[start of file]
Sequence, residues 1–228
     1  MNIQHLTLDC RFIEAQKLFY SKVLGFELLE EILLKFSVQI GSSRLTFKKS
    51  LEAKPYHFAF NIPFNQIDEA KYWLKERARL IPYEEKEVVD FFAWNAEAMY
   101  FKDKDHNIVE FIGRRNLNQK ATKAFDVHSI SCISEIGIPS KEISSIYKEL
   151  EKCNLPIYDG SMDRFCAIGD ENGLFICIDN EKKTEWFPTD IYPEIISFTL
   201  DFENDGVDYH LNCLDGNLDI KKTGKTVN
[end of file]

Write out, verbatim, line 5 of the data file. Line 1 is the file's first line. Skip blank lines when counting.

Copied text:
   151  EKCNLPIYDG SMDRFCAIGD ENGLFICIDN EKKTEWFPTD IYPEIISFTL